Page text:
...of the parents who attended orientation with their student, what portion of them had never attended college vs. those who had previously been to college.

...if this is [the parents'] first child at Tech. I would think that if they had other children at Tech, the parents would be less likely to attend orientation with them.

...how the parents' and students' answers compared to each other.

...the parents' perspective on [the appropriateness of different types of parental involvement].

*...if the parents who are attending the orientation with their student are paying for the cost of tuition and or books. It would also be interesting to see how many of them are paying for their child's cell phone or any other living expenses such as rent, vehicle payment or insurance.

...whether or not the survey sample we obtained was large enough to make a valid conclusion about parental involvement and their child's developmental skills.

 *Will require further research beyond Summer 2010 study to find the answers to these questions.


Spring 2010 Study

 In the Spring 2010 semester, the class wrote questions for an initial survey and administered it online to a sample of Texas Tech students (using a university-supported program called Qualtrics).  Our sampling frame consisted of students who allowed their e-mail addresses to be published in the university directory.  The survey asked the students about whether their parents had engaged in particular monitoring behaviors and what the students' opinions were about such parental intervention.  The chart below shows the wording of the questionnaire and some initial results.  Further down are some articles and other resources on the subject matter...

  SPRING 2010 STUDENT QUESTIONNAIRE AND RESULTS
(Sample size [n] = 96; 95 for a few items due to missing data)
  INSTRUCTION:  "Below is a list of actions parents might take, with the aim of helping their children in college.  For each listed action, you should answer the three accompanying questions.  You may skip any questions you do not wish to answer, and may cease participation at any time without penalty."
  [Each parental action appears here, one at a time]

Have your parents done this during the time you have been in college?
__yes, __no
    
What is your view of the appropriateness of  parents (in general) taking this action? Check off a number from 1 (extremely inappropriate) to 5 (extremely appropriate):  1     2     3     4      5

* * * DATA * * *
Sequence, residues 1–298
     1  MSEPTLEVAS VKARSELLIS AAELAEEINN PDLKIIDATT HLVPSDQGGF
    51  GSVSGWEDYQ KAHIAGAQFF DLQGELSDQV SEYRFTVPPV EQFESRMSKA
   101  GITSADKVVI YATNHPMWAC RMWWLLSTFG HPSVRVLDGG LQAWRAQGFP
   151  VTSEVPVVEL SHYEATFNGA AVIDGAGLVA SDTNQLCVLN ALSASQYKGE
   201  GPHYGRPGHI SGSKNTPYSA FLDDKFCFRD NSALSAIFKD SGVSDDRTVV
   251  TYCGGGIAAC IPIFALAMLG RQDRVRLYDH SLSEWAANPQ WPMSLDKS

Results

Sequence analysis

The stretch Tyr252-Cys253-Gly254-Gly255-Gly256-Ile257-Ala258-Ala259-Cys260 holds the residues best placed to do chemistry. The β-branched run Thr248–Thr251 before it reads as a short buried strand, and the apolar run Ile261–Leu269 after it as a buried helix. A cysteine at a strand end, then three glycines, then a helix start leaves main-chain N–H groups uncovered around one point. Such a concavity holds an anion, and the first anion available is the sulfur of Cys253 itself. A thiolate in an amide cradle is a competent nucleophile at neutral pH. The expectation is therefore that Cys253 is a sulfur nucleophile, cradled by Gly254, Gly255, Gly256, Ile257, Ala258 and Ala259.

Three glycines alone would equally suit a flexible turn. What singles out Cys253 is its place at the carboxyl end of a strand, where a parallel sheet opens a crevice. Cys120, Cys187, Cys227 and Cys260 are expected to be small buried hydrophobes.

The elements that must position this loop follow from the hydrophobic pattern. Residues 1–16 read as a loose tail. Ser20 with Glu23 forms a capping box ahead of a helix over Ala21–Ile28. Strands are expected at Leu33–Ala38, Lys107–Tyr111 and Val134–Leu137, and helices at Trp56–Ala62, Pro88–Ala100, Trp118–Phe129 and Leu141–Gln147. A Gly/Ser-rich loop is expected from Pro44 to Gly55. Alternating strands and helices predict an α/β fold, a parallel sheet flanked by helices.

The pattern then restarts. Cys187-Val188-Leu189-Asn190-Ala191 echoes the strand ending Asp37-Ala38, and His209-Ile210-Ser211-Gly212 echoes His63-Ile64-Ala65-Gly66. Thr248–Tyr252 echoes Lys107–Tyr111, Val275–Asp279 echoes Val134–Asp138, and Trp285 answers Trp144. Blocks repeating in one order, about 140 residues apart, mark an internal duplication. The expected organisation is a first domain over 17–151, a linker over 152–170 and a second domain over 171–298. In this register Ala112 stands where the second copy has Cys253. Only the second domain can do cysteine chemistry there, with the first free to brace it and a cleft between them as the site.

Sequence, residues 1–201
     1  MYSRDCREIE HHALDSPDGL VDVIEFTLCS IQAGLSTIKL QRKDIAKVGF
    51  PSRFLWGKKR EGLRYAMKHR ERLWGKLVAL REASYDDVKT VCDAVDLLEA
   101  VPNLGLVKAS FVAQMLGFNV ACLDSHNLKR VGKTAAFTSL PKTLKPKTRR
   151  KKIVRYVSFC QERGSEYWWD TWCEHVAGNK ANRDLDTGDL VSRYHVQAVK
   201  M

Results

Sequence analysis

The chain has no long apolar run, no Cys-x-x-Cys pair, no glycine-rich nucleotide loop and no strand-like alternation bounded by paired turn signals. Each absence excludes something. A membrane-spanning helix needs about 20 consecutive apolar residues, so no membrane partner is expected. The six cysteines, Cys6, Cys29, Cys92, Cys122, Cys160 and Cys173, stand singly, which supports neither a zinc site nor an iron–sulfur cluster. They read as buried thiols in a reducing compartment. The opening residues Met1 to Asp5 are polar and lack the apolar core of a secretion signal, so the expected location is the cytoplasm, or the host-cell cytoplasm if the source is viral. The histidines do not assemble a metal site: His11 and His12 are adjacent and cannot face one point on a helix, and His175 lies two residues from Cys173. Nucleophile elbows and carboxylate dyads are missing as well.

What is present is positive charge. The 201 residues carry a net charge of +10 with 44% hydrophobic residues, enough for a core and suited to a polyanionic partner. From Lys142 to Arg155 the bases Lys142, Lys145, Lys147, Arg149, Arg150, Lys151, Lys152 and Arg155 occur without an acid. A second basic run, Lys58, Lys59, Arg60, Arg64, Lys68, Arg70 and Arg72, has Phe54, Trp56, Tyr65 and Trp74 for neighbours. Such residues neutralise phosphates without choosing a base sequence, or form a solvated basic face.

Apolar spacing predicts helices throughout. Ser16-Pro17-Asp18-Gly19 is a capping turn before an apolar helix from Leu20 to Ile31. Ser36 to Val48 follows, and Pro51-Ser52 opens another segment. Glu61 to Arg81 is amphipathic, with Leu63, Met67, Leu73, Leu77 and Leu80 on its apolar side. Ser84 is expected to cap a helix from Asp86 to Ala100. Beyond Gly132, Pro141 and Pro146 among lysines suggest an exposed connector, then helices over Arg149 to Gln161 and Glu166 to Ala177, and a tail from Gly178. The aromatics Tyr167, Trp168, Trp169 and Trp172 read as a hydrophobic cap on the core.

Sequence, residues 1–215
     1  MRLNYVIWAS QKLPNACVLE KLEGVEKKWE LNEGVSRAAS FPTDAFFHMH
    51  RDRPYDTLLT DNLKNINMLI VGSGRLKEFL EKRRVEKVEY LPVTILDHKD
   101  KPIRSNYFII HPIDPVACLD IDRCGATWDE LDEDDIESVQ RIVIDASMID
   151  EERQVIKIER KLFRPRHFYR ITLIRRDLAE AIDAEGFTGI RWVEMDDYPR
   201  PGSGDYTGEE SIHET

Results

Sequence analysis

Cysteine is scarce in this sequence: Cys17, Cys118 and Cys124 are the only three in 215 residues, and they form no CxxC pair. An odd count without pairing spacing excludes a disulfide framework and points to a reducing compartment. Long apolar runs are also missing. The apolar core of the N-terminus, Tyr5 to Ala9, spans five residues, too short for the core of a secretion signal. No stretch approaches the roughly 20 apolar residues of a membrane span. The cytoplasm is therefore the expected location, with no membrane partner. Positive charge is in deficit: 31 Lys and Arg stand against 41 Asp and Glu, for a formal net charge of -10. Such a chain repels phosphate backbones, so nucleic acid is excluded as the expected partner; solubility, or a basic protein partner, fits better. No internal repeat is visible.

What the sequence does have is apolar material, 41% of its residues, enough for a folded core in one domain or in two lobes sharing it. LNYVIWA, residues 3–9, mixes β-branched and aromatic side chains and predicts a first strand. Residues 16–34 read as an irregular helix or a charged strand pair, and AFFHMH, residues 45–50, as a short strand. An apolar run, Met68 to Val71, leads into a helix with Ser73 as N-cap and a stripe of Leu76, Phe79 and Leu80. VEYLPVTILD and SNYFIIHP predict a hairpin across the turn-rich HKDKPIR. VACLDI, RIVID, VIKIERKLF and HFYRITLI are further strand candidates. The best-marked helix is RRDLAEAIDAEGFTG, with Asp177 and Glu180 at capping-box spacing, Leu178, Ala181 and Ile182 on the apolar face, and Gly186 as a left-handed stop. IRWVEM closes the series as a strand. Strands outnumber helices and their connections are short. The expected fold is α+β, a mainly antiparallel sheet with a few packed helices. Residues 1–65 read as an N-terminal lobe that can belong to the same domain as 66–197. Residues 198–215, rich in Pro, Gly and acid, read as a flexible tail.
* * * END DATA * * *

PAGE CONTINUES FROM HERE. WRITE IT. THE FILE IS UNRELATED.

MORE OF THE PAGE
Have you ever tried to get your parents to take this action? __yes, __no
  Parents going with on children's job or college interviews.

7 students reported that their parents had done this (3 times at the request of the student, 4 times with the student not requesting such assistance).

89 students reported that their parents had not done this (even though 2 students had requested their parents' assistance)

Students' average appropriateness rating of parents taking this action, from 1 (extremely inappropriate) to 5 (extremely appropriate): 
1.84

  Parents making major academic decisions for their child (e.g., choosing the university the child is attending or the child's major).

12 students reported that their parents had done this (5 times at the request of the student, 7 times with the student not requesting such assistance).

83 students reported that their parents had not done this (even though 3 students had requested their parents' assistance)

Students' average appropriateness rating of parents taking this action, from 1 (extremely inappropriate) to 5 (extremely appropriate): 
2.17
  Parents making major personal decisions for the child (e.g., whom to date, what jobs to apply for or take).

17 students reported that their parents had done this (8 times at the request of the student, 9 times with the student not requesting such assistance).

79 students reported that their parents had not done this (even though 1 student had requested their parents' assistance)

Students' average appropriateness rating of parents taking this action, from 1 (extremely inappropriate) to 5 (extremely appropriate): 
2.16
  Parents asking children about their academic progress (e.g.., homework, tests, syllabi).

88 students reported that their parents had done this (35 times at the request of the student, 53 times with the student not requesting such assistance).

8 students reported that their parents had not done this (even though 3 students had requested their parents' assistance)

Students' average appropriateness rating of parents taking this action, from 1 (extremely inappropriate) to 5 (extremely appropriate): 
4.40
  Parents monitoring children's academic progress outside of children's awareness (e.g. attempting to access syllabi online, contacting professors or advisors).